First off, let's get one thing straight. With few exceptions, medications treat SYMPTOMS and NOT underlying CAUSES of chronic disease. We DO NOT  have a pharmaceutical shortage in our blood supply. This is not the reason we are sick. The grandeur of prescription medications, and the drug manufacturers who've created this compelling facade, have done wonders making us think this is the case. It is not. I'm here to tell you that pills will not solve your problems when it comes to regaining your health. You need to look beyond your medicine cabinet when treating chronic diseases.

What's the magic answer then? This comes in the form of  the same type of advice we medical professionals give to patients with chronic respiratory diseases (COPD, emphysema, lung cancer, etc.). Eliminate the cause, change your lifestyle, and recovery will ensue. The sooner the better as outcomes many times, but not always, depend on the severity and stage of the disease. For illustration purposes here's what I mean...

Patient/Doctor Scenarios - Chronic Diseases


Patient (with COPD and emphysema): Doc, I can't breath. I'm winded all the time. I keep getting upper respiratory infections. I'm miserable!

Physician: You need to stop smoking. This is the cause of your breathing problems. I can give you inhalers and respiratory meds to help manage your symptoms, but you need to stop smoking. I have some wonderful resources, informational guides, and tools for you to use to accomplish this if you'd like. It'd be great to see you make these changes. It's the only path to true health, and I'm confident you'll reap the rewards of quitting smoking even though it may be difficult at first to do so. I know this isn't going to be easy, but it's worth it! I believe in you. Let me know what I can do for you. I'm here to help.

My take on this approach:
This is good, responsible, evidence-based medical care. Even though the patient already knows the benefits of quitting smoking, it's important to remind them of this and offer assistance in doing so. He/she may or may not follow through but our job as a healthcare professional is to advise the patient on the safest, most effective, and least costly approaches in treating their medical condition.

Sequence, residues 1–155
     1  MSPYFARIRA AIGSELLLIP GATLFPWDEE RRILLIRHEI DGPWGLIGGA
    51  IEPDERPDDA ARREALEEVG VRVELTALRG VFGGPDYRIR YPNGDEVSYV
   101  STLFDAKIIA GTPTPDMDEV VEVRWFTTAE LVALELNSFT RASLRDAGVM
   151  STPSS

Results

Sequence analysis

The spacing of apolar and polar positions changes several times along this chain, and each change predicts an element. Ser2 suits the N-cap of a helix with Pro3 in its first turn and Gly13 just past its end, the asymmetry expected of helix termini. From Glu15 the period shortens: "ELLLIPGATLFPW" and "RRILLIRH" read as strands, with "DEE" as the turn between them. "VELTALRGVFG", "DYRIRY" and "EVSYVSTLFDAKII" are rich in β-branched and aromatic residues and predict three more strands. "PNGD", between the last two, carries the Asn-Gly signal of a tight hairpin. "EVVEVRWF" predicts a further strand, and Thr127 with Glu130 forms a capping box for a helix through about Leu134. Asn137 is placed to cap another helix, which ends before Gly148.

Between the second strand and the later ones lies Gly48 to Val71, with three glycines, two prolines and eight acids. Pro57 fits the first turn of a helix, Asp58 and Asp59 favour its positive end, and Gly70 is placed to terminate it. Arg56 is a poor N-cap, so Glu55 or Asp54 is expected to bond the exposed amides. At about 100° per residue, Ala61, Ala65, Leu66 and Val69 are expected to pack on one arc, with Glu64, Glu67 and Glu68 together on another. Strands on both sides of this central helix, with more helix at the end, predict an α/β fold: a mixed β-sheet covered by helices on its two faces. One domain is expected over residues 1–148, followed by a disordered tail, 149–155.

Now for a typical doctor/patient scenario with all other chronic diseases in our current healthcare model...

Patient (with heart disease, diabetes, constipation, high cholesterol, high blood pressure, etc.): Doc, I feel horrible. I have no energy. My mind is in a haze half the time. I'm depressed. I have these sharp abdominal pains and cramps from time to time, and I'm not having regular bowel movements anymore. I'm worried because my latest wellness screening at my employer's health fair didn't go so well recently. My blood sugar, blood pressure, and cholesterol screenings were all high.

Physician: I'm going to write you a few prescriptions. Lipitor for your cholesterol. Metformin for your diabetes. A diuretic pill and lisinopril for your blood pressure. Zoloft for your depression. Miralax and a stool softener for your constipation. Lastly, some Xanax and Levsin to calm the nerves in your stomach. Now, we need to schedule a follow up appointment so I can see you back in a month or so.

My take on this approach:
The patient will come back in a month and the cycle will repeat itself over and over and over and over again. Medications will be changed, doses increased and decreased, with minimal, if any, results to show for it. The patient will never get better in terms of their long term health, and the doctor will become frustrated seeing their patient deteriorate over time. This is 21st century medicine at its finest.

Now for a more appropriate response. This again gets back to advising patients based on the safest, most effective, and least costly methods in treating their medical condition(s)...